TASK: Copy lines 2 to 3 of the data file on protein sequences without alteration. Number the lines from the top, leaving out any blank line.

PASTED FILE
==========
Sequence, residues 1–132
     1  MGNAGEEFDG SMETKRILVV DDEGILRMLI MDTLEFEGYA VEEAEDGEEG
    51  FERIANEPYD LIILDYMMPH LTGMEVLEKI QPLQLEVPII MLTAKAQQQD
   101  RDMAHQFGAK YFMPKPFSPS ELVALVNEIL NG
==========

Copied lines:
     1  MGNAGEEFDG SMETKRILVV DDEGILRMLI MDTLEFEGYA VEEAEDGEEG
    51  FERIANEPYD LIILDYMMPH LTGMEVLEKI QPLQLEVPII MLTAKAQQQD